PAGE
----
maybe some $2,200 for the cheapest one. He finally searched around on
          the internet and found some for less than $1500 so he bought two. It
          was some surplus thing but the engines were identical to mine.

          I think you just have to scratch around. The main thing is that a
          basic engine is much cheaper than a marinized one.

          Good luck,

          Robb

          --- In AtkinBoats@yahoogroups.com, "robrohdeszudy"
          <robrohdeszudy@y...> wrote:
          > Hey Robb,
          >
          > I hope all is well in your neck of the woods after all this
          hurricane
          > business. Let me know if I can help.
          >
          > Can you tell me where you got a Kubota engine for the price you got
          it?
          > I can't find anything under $3500! I'm assuming it was the D722E?
          >
          > Thanks yet again,
          >
          > Rob in not-so-windy Wisconsin
        • robrohdeszudy
          Hey Robb, Sure am glad to know you re OK. I kinda figured it was one of those corporate territory BS things. But I ll definitely scratch around for a surplus
          Message 4 of 4 , Sep 14, 2005
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            Hey Robb,

            Sure am glad to know you're OK.

            I kinda figured it was one of those corporate territory BS things.
            But I'll definitely scratch around for a surplus or used one. Maybe
            even just get a tractor to keep the engine and sell the parts.
            Another possibility is a water-cooled Kohler gas engine, but so far
            they seem to be as expensive as the diesel. But the weight is awesome
            at only 114 lbs.

            We'll see what I dig up, and thanks for the insight.

            Oh, I'm not sure if you saw the previous post, but I couldn't figure
            out what you used for an air purge valve. Does that need a valve to
            fill and another to purge, or do they make a valve that does both at
            the same time? I suppose it's the same as what they use on air
            shocks? Pardon my pneumatic ignorance!

            Thanks,
            --Rob


            --- In AtkinBoats@yahoogroups.com, "oldbingey" <bingey@r...> wrote:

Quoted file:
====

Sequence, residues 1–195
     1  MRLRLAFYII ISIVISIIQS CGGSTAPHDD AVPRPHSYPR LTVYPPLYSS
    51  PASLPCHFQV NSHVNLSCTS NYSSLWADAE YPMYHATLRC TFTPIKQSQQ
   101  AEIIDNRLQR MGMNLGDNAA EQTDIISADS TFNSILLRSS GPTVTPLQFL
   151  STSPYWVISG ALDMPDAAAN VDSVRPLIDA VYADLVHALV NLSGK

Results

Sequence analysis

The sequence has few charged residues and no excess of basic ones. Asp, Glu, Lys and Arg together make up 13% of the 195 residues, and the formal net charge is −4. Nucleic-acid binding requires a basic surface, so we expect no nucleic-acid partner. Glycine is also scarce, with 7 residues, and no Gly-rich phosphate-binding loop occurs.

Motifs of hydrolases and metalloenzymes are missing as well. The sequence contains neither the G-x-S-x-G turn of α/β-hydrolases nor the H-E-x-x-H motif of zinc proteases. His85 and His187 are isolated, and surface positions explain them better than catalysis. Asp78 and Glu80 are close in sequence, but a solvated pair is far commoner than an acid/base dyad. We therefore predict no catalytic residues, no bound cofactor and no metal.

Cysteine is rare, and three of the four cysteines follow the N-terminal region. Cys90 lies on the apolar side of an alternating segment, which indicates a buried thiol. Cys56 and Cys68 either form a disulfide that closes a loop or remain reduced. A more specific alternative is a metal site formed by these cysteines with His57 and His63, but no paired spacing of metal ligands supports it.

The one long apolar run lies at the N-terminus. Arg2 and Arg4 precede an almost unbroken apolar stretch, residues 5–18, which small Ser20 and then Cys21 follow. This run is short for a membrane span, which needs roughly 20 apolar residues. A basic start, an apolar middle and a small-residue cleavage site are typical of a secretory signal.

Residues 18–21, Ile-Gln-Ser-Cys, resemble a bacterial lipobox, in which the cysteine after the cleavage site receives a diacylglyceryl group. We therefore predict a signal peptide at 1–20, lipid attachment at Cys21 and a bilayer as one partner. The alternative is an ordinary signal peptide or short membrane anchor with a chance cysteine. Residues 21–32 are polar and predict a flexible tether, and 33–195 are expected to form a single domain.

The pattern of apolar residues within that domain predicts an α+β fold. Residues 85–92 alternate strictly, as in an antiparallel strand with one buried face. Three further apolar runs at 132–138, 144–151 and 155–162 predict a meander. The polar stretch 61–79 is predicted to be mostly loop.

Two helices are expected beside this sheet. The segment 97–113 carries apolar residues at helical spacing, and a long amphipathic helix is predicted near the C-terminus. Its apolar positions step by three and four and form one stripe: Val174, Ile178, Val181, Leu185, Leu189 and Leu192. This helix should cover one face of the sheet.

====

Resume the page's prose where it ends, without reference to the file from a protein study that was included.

> Rob,
            >
            > Yeah, we are alright down here. Actually Dennis was much worse
            than
            > Katrina in this section but we are still waiting our turn.
            >
            > That engine was the D722E (called D722N then). Kubota is funny.
            They
            > have regional distributors who won't do business outside their
            > territory. Another man was inquiring into one and asked me to
            check
            > my distributor in NC and my price was higher than his in Fla. I
            > can't remember what it was but this was about three years ago and
            > maybe some $2,200 for the cheapest one. He finally searched around
            on
            > the internet and found some for less than $1500 so he bought two.
            It
            > was some surplus thing but the engines were identical to mine.
            >
            > I think you just have to scratch around. The main thing is that a
            > basic engine is much cheaper than a marinized one.
            >
            > Good luck,
            >
            > Robb
            >
            > --- In AtkinBoats@yahoogroups.com, "robrohdeszudy"
            > <robrohdeszudy@y...> wrote:
            > > Hey Robb,
            > >
            > > I hope all is well in your neck of the woods after all this
            > hurricane
            > > business. Let me know if I can help.
            > >
            > > Can you tell me where you got a Kubota engine for the price you
            got
            > it?
            > > I can't find anything under $3500! I'm assuming it was the D722E?
            > >
            > > Thanks yet again,
            > >
            > > Rob in not-so-windy Wisconsin